We're at a point that it's easy enough to make money online using free tools and someone else's product, that there's no reason to work a $7.25/hr job in fast food, or retail, or hauling bricks, whatever.
And more people are wising up to this.
@kemonine For real! Even better is that pretty quickly you can ramp up to at least $15/hr online (with the right knowledge, which is all FREE on the internet already) which out pays MOST of the "nobody wants to work anymore" jobs.
@kemonine Oh ok. In that case...
@FiXato, Protecting hobbies and passions is important, so we won't go that path.
The path I would suggest (and it's the path I took) is to find something you're knowledgable about, find someone else selling a related product or course or book, and become an affiliate of the product where I would get a % of every sale I generate.
From there, there are lots of ways to do that. The easiest way is to just start a "blog" (whatever that means anymore) about the subject and sell the product there (through links; you handle none of the transaction stuff). A harder way, but where I found much more success, was YouTube. I didn't have thousands of followers...just barely a hundred. But I was selling a World of Warcraft addon so I just made videos of me doing things w/ the addon and put a link in the description. It really is that easy sometimes.
Another option is to join UpWork and become someone's Virtual Assistant. There are a lot of people out there who want to hire an english-speaking native. Especially since you're a stay-at-home-dad...I would lean into that as your "why you should hire me".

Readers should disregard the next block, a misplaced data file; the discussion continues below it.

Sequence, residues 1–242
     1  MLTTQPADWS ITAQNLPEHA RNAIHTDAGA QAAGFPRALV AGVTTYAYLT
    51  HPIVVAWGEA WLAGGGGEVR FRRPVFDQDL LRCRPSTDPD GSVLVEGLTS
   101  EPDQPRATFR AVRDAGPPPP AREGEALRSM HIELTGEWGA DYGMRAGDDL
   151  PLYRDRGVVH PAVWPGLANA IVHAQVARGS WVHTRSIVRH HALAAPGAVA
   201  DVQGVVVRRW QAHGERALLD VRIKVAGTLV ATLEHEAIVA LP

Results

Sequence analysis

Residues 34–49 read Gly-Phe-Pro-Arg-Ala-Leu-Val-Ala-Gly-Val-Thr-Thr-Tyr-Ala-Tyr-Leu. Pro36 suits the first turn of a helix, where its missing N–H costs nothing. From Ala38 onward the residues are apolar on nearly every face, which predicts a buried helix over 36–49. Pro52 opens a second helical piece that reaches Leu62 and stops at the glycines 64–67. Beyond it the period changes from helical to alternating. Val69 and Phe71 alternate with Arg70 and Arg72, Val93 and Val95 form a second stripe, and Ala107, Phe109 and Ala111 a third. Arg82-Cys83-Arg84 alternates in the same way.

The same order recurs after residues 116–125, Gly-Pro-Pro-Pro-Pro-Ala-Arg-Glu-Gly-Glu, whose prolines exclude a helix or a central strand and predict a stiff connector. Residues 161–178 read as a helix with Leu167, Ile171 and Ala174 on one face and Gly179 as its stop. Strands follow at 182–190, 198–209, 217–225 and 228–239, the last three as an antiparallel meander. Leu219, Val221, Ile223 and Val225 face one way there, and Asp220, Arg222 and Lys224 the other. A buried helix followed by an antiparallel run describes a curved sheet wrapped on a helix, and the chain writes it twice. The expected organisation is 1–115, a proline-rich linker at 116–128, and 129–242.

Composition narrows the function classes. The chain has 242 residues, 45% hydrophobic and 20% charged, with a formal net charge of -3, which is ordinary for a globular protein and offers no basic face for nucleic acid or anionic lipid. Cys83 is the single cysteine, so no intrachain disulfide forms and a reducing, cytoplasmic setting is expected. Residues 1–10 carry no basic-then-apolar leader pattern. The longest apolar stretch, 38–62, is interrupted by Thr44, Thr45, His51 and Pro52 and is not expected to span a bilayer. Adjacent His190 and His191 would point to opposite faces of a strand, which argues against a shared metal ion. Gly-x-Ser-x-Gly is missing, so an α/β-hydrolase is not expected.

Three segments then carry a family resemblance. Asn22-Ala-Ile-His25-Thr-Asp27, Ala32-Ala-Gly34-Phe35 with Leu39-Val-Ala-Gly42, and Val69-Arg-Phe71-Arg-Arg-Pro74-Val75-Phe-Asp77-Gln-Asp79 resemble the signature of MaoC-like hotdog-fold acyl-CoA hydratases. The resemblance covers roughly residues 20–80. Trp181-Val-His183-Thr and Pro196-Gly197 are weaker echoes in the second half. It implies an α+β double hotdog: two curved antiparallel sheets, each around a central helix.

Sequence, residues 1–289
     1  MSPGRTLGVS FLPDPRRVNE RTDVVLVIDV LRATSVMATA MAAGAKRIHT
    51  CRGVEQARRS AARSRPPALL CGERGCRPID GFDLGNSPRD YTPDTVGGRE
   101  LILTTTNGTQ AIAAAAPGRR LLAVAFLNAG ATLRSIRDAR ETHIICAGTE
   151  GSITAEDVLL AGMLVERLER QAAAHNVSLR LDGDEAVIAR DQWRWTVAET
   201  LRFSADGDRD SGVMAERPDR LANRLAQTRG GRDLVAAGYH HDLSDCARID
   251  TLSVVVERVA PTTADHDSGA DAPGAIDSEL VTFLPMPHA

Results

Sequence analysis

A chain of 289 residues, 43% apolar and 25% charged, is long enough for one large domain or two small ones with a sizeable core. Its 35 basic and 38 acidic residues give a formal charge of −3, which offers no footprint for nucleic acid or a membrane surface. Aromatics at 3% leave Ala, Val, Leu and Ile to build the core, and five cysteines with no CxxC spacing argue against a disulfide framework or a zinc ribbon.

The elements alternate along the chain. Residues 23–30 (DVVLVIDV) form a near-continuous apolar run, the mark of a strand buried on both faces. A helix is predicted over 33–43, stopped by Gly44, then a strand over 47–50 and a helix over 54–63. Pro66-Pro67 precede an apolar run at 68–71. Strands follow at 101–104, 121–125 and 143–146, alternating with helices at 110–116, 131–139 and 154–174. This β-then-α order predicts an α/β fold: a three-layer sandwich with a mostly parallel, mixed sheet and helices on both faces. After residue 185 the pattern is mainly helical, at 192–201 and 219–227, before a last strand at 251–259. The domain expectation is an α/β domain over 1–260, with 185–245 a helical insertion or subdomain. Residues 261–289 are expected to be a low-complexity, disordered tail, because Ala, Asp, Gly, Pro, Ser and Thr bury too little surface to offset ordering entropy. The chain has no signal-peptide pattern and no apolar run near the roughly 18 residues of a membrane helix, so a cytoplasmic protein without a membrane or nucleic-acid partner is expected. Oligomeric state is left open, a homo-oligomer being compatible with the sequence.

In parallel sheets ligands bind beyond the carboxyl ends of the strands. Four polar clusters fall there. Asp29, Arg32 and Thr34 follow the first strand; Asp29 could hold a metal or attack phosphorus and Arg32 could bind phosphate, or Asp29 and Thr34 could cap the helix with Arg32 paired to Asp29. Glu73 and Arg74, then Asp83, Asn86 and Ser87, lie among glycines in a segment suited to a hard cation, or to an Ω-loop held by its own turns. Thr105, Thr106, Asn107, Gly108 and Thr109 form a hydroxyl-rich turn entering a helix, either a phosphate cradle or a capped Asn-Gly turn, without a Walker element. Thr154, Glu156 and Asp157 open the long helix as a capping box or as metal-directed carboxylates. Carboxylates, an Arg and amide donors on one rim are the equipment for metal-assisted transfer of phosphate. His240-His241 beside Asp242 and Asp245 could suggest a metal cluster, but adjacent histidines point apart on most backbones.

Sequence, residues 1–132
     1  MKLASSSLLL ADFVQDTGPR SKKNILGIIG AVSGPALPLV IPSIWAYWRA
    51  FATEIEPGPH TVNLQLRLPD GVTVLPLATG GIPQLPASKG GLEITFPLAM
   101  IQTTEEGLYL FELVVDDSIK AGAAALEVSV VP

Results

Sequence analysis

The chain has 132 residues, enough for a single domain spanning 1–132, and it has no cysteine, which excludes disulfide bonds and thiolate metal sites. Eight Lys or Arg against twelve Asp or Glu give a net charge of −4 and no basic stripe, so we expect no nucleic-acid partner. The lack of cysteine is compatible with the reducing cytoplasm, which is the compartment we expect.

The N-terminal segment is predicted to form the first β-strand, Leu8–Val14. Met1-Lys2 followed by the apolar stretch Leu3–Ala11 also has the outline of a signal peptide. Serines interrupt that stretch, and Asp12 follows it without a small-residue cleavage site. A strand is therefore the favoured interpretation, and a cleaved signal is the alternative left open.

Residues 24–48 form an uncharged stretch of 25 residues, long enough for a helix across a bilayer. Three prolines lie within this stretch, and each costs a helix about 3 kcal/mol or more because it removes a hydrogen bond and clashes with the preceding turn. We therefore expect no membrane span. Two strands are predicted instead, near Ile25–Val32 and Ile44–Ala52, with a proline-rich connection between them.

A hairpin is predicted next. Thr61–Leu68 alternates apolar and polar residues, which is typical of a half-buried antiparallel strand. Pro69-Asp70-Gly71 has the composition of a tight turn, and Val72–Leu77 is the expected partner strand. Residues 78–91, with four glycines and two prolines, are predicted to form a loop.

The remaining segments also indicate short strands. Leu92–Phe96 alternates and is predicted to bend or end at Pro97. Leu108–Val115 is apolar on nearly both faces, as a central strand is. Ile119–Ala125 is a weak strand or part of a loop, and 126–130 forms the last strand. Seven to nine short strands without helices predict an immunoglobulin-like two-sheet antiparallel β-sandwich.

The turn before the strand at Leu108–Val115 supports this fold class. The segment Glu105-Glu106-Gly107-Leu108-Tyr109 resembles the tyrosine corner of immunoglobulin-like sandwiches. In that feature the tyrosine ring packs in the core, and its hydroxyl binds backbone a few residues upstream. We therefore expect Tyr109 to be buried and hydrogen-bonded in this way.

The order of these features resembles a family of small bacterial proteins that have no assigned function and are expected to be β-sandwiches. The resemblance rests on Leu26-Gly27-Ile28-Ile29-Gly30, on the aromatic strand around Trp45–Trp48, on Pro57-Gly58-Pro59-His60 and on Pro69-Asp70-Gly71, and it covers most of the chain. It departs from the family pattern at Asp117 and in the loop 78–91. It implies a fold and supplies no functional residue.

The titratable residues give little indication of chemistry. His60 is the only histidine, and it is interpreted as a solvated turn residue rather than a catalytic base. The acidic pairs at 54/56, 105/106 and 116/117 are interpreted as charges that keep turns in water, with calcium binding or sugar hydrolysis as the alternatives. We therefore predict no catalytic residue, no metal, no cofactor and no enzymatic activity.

@g @FiXato smaller shops (ive historically worked at <50 person corps) will also do a /ton/ of outsourced contract work
esp if youre open to learning java or copy editing or technical writing (this last one is the big regret i have from my uni days ; i missed a minor in technical writing by 3 courses and didnt know until a decade later 😢 )
a ton of that stuff will float out into upwork or cnotract for hire sites ; if you have the patience to build up a good client base from those sites you can usually parlay that into a freelance consultancy that does grunt work for hire
i interviewed with a company long ago that was created to do one thing and one thing well: other folks 'shit shoveling' of tech ; they did all kinds of goofy integrations and 'hack jobs' for bridging stuff during data conversions, basic wordpress theme stuff nobody wanted to do themselves, etc
swap out any industry for what ive got above and you /should/ be able to sniff out similar situations ; the actual hard part is figuring out who you need to talk to or get to know
A bunch of technomancers in the fediverse. This arcology is for all who wash up upon it's digital shore.